A dozen Tory MPs cast Commons proxy votes while on a corporate Euro 2020 jaunt to Wembley


A dozen Tory MPs including chief whip Mark Spencer and Defence Secretary Ben Wallace cast Commons proxy votes while on a corporate jaunt to Wembley to watch England’s Euro 2020 semi final against Denmark

  • Ben Wallace and Mark Spencer among those who went to Wembley on July 7
  • Watched England beat Denmark 20-1 thanks to Harry Kane winner in extra time 
  • It kicked-off shortly after vote on EU settlement scheme in the Commons 










A dozen Conservative MPs including senior ministers used the House of Commons proxy voting system in order to go to Wembley to watch England play in the Euros, it was revealed today.

Defence Secretary Ben Wallace and Tory chief whip Mark Spencer – who is in charge of party discipline – were among those who attended the semi-final against Denmark on July 7. 

They enjoyed the historic match, which kicked off shortly after a vote on the settlement scheme for EU nationals to stay in Britain after Brexit was taking place in Parliament.

As well as the 12 Tories who were at Wembley, an investigation by the Politico website revealed that hundreds more MPs used proxy votes to avoid the division shortly before kick-off in north west London.

A government source said the proxy voting system was being used at the time to avoid crowding in the voting lobbies in the middle of the pandemic. 

An extra-time winner from Harry Kane that night sent England into their first major competitive final since 1966.

Ben Wallace

Mark Spencer

Defence Secretary Ben Wallace and Tory chief whip Mark Spencer – who is in charge of party discipline in the Commons – were among those who attended the semi-final against Denmark on July 7.

As well as the 12 Tories who were at Wembley, an investigation by the Politico website revealed that hundreds more MPs used proxy votes to avoid the division shortly before kick-off in north west London.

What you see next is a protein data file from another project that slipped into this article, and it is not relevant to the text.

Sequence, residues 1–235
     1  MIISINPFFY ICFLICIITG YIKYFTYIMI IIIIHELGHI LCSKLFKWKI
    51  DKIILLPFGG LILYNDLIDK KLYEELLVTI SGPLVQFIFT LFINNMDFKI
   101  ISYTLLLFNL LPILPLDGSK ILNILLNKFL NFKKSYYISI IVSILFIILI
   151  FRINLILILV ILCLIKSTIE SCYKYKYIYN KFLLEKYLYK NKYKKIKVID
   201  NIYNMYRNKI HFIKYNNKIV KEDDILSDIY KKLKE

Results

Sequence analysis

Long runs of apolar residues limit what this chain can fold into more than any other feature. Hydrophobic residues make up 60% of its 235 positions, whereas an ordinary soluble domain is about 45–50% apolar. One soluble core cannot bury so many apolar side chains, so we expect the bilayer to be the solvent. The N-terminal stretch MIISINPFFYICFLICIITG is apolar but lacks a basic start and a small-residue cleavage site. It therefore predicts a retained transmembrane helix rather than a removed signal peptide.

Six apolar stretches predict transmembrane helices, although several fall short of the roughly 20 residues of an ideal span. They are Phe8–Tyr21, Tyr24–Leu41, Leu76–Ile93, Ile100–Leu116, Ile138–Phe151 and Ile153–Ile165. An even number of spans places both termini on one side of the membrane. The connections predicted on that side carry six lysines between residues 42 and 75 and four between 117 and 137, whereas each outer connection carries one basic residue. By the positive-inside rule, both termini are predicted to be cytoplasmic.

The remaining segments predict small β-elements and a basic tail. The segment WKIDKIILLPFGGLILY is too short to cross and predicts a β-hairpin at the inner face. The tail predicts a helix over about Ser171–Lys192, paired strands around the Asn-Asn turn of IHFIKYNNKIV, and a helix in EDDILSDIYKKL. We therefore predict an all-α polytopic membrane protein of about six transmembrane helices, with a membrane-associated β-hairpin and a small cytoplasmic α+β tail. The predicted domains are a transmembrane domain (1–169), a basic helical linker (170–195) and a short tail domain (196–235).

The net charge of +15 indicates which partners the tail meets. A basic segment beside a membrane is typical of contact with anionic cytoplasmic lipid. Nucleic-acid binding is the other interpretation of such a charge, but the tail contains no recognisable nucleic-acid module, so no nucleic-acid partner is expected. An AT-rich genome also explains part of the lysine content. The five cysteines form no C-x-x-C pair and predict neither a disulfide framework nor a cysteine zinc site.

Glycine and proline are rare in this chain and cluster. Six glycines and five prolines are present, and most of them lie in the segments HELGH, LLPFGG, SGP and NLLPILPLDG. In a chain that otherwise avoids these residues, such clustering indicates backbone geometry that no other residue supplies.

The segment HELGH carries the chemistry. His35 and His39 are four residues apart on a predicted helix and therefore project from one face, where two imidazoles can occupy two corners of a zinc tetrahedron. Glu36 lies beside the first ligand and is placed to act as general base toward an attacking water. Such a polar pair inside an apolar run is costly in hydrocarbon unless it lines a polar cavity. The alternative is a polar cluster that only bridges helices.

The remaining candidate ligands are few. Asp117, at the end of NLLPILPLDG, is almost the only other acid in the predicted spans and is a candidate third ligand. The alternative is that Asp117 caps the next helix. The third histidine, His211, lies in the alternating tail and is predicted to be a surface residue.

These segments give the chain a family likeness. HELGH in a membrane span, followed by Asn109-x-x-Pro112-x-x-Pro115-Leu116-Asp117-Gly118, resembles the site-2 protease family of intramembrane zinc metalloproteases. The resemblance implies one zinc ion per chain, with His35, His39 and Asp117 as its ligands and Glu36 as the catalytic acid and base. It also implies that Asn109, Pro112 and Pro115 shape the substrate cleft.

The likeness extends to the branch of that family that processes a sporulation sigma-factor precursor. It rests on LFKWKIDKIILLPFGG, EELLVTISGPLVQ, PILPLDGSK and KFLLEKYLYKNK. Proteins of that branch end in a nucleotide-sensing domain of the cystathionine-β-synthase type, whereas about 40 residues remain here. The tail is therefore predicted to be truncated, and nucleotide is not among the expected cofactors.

As well as the 12 Tories who were at Wembley, an investigation by the Politico website revealed that hundreds more MPs used proxy votes to avoid the division shortly before kick-off in north west London.

An extra-time winner from Harry Kane that night sent England into their first major competitive final since 1966.

An extra-time winner from Harry Kane that night sent England into their first major competitive final since 1966.

Which MPs were at England v Denmark?

Conservatives:

Ben Wallace – Defence Secretary

Kit Malthouse – Policing Minister

Nigel Adams – Minister without Portfolio  

Mark Spencer – Tory chief whip 

Scott Benton

Philip Davies

Esther McVey

Laurence Robertson

Mark Jenkinson

Craig Whittaker

Mike Wood 

Aaron Bell

Labour: 

Jon Ashworth

Jonathan Reynolds

Stephen Kinnock

Charlotte Nichols

Sharon Hodgson 

Toby Perkins 

 

Six Labour MPs, including frontbenchers, including shadow health secretary Jon Ashworth and shadow work and pensions secretary Jonathan Reynolds also attended Wembley. 

They had voted by proxy in an earlier division, but Labour abstained in the settlement scheme vote so their presence was not required.

Along with Stephen Kinnock, Charlotte Nichols, Sharon Hodgson and Toby Perkins, they enjoyed hospitality at the game. 

They told Politico they had been following whips’ advice to use proxy voting to avoid crowds in the division lobbies. 

Boris Johnson extended the proxy voting scheme initially brought in for new parents or expectant mother in June 2020 to allow  MPs who cannot make it to Westminster because they are shielding because of age or ill-health to take part 

The Prime Minister made the announcement as his Government faced widespread ridicule over a mile-long ‘socially distanced conga’ of politicians that snaked around Parliament for a vote.

It has continued in place despite the House of Commons now returning in full capacity, including for votes.

Questions are already being asked over use of the system after it was revealed that Tory MP Geoffrey Cox used it to cast votes on 18 days, including when he was working as a barrister in the Caribbean.

He took advantage of lockdown rules to cast votes as he worked 4,000 miles away on a lucrative contract in the British Virgin Islands earlier this year.

Sir Geoffrey, who is known for being the highest-earning MP, spent up to a month in the BVI working for Withers, an international law firm. 

He is thought to have been in the BVI in April and May this year. He was recorded as arriving on April 26, while the Commons was debating global anti-corruption sanctions.

A press release on the BVI government website for that day stated that Sir Geoffrey was ‘currently in quarantine’ but ‘intends to hold a series of meetings with government ministers in the next few weeks’.

He was listed among MPs eligible for a proxy vote that day.

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